Mid-November has become a time when New York Mets fans can dream big about the offseason. Max Scherzer. Justin Verlander. Yoshinobu Yamamoto?
The presence of Steve Cohen and new addition of the baseball mind belonging to David Stearns has put the potential for a wild Mets offseason at the front of everyone's minds. But maybe that won't be the case.
Management has been upfront about this offseason looking different. Many of us wanted to deny it. From the early rumors and information Stearns has revealed, the Mets most certainly won't be "all in" this offseason.
If the Mets aren't "all in," what can we expect?
The Mets haven't been secretive about how pitcher-needy they are. It would be the worst kept secret in baseball if they tried to. Their rotation is far from complete. Adding in the free agent market is the priority, but those early vibes seem as if the Mets will be more cautious than aggressive.
Seeing the rumored notion of the New York Yankees being perceived as the bigger threat to sign Yamamoto than the Mets definitely doesn’t feel good. Taking a step back, this could all simply be a part of playing the game of throwing out information. Are they going to add a third $100+ million pitcher to the rotation when offense has been an ongoing issue?
Whatever the case may be with Yamamoto and the Yankees, it definitely doesn’t seem like the Mets are early favorites to land him. They definitely won’t get any of the qualifying offer free agents. A big trade sounds less likely, too. Your definition of "big" may vary from others. The notion of trading for Juan Soto and probably even Corbin Burnes is only happening at night or at an early office meeting when our eyes flutter to sleep.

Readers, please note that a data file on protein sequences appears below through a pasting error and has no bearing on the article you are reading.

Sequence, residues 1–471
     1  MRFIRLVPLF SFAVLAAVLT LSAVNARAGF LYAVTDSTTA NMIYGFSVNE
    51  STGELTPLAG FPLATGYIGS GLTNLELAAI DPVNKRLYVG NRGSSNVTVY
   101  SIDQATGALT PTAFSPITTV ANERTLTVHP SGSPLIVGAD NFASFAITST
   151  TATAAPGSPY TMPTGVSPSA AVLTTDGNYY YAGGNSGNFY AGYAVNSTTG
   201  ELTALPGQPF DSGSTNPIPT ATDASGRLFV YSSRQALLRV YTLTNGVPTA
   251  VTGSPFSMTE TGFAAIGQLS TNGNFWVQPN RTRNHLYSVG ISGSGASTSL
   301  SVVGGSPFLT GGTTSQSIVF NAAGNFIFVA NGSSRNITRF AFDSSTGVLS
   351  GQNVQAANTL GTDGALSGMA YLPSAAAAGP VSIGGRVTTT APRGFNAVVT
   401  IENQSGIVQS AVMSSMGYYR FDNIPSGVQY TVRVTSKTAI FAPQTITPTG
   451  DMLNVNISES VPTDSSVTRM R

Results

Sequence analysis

Free agency offers the Mets an abundance of different types of pitchers to explore from the higher-priced Jordan Montgomery down to a rebound candidate with a problem staying healthy such as Luis Severino. The Mets probably only have room to add one of the top free agent starting pitchers. Beyond him, how much settling will there be?
Catching lightning in a bottle with a player is something the Mets have avoided under Cohen. They’ve always gone after the good ones. It’s the complete opposite of what the team did prior to 2020—thankfully. The Mets hoped Rick Porcello could become good again and that the talent Michael Wacha seemed to lose would return. A more pessimistic person might see the Mets doing nothing but fill in the starting rotation with short-term longshots. Will the Mets really be willing to become a destination, even for just one season, for a player to rebuild his free agency stock?
It’s a different direction for the ball club than what we’ve been accustomed to seeing after the ownership change. It won’t be a winter of big game hunting. Smart and savvy moves will be at the forefront of what this team attempts, for better or worse.